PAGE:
by Robert Carbery
As The Wall Street Journal and the MSM report on and celebrate unemployment and underemployment being at record low levels, there is a very real and very disturbing trend that is not being covered nearly enough.
The WSJ and others point to the jobless rate hitting a 17-year low last month as employers hire at a robust pace. Nonfarm payrolls rose a seasonally adjusted 261,000 in October according to the Labor Department. This was up from the prior month while undershooting expectations many economists had of 315,000 new jobs.
Unemployment fell to 4.1%, the lowest since the end of 2000. Is the labor market heating up? Or is there something many watchers of the economy are missing?
The WSJ article does mention the real problem few are discussing: the labor force participation drop. The labor force participation rate fell by 0.4% to 62.7% in October, the lowest since May. During earlier booms, such as the dot-com era that ended in the early 2000s, the rate was as high as 67%. Today, the LFP is now hovering around levels not seen since the late 1970s.
A record number of working-age Americans are no longer in the workforce and have dropped out altogether. 95.4 million Americans are no longer working or actively seeking a job. This stat is disturbing and should be discussed more as the significant trend that it is. We are not operating at our full economic capacity and it is only getting worse. The incentive to work is being removed due to generous government subsidies. But that cannot be the only reason. Are we getting lazier? Or is there something more to this story we are missing?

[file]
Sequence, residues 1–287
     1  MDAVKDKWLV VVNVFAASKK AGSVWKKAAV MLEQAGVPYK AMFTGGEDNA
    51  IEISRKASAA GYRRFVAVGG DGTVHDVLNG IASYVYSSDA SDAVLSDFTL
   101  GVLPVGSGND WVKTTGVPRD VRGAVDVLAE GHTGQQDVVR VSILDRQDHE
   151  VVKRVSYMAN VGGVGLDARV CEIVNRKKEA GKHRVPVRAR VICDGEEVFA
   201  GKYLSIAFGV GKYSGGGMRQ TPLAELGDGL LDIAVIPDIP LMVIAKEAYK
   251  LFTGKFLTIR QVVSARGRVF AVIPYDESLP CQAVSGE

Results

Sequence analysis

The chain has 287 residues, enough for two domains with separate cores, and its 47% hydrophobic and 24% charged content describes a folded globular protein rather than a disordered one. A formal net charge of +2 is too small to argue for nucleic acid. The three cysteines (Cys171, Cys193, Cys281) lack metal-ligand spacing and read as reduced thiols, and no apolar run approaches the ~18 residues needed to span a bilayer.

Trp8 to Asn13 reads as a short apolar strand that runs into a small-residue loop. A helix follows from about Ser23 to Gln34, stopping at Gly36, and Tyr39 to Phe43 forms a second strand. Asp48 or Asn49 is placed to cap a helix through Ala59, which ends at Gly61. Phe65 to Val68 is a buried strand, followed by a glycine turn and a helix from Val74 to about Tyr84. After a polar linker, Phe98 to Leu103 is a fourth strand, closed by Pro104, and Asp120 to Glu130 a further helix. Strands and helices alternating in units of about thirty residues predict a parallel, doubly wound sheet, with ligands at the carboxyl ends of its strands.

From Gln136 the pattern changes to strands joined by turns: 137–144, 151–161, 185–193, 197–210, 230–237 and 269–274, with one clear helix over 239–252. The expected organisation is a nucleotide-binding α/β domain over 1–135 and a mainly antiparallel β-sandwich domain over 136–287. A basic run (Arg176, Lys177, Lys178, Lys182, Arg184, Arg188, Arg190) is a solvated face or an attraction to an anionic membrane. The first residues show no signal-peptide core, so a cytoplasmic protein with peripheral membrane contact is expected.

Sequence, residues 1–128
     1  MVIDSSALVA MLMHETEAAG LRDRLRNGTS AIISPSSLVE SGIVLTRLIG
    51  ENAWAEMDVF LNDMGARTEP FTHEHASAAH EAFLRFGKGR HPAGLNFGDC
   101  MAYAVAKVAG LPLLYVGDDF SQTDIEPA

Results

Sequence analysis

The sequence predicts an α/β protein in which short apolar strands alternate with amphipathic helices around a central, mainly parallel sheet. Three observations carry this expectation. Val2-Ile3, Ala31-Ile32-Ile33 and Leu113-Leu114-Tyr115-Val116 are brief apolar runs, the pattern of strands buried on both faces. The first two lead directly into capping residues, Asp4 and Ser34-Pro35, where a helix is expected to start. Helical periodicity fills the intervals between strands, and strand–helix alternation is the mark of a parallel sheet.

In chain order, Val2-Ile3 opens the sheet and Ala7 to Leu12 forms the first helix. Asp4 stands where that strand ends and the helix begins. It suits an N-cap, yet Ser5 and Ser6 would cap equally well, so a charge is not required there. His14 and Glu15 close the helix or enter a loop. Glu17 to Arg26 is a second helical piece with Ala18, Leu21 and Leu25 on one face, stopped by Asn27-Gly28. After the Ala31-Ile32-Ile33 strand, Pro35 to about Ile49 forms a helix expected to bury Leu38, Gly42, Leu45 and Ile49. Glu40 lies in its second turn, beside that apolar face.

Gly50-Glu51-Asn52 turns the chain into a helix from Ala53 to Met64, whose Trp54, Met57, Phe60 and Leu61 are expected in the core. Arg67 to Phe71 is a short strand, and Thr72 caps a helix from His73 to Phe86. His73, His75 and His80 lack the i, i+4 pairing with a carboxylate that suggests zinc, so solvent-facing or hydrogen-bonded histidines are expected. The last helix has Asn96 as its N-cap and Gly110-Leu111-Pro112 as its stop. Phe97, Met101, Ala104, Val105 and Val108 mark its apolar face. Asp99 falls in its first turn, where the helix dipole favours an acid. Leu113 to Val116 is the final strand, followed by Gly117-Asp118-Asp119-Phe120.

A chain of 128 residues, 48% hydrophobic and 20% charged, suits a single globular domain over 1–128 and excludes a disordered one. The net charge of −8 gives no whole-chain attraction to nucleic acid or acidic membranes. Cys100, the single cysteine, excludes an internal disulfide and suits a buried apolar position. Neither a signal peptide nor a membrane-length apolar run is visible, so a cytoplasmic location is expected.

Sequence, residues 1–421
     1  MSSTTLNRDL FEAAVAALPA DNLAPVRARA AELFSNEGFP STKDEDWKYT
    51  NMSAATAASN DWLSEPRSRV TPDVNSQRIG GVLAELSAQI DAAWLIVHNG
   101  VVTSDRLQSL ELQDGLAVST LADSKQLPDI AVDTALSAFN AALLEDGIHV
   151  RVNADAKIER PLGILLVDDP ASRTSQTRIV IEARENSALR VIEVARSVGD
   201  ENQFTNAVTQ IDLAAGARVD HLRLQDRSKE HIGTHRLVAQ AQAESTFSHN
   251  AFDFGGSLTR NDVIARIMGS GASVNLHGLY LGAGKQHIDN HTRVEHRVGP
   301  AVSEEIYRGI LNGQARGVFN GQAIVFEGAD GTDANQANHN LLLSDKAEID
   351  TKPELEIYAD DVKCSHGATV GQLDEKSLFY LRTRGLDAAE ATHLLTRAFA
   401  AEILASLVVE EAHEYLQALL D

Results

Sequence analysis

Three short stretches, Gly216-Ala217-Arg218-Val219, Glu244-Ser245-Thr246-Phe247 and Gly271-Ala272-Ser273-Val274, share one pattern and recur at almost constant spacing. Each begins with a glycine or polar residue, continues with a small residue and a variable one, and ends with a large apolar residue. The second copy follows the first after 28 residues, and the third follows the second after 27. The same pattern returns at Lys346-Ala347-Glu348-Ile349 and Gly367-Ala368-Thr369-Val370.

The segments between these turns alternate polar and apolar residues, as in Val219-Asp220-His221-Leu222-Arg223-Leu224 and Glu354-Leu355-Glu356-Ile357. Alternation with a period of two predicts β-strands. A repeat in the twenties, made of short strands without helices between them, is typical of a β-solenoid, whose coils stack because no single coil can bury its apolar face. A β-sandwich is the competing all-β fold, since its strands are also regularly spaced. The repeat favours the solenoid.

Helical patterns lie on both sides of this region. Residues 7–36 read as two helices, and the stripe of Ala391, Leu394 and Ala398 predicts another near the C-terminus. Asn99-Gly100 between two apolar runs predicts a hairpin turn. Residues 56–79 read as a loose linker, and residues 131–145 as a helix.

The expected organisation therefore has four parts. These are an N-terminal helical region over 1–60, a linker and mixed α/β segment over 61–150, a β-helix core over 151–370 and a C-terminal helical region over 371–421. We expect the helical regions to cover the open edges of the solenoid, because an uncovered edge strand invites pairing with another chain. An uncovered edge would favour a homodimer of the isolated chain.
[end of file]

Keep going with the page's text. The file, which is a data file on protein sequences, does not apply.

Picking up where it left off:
What many in the MSM fail to realize is that the unemployment rate fell to the extent that it did because of the four decade low in people participating in the labor force. The unemployment rate does not cover the amount of folks who have given up looking for work entirely. There were a shocking 968,000 people who exited the labor force in October alone, the third highest total on record.
It appears that the hopes of having potential workers returning to the labor force were not realistic. With more people leaving than entering the workforce, this will likely suppress wage growth as well. Despite MSM-driven narratives detailing a tight labor market, wages have still risen barely at all over recent months and this trend appears likely to continue.
Who are these men and women out of the workforce? Will they ever come back? What is pushing them out of even seeking employment? There are jobs out there. Are they not the right ones? Are we not prepared for today’s economy and the new jobs being added? Will this ever change?
Many questions emerge from this latest jobs report and it is far from optimistic as we move forward during this first year under the Trump administration. Will the coming tax changes alter this reality?
I hope so.
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by Robert Carbery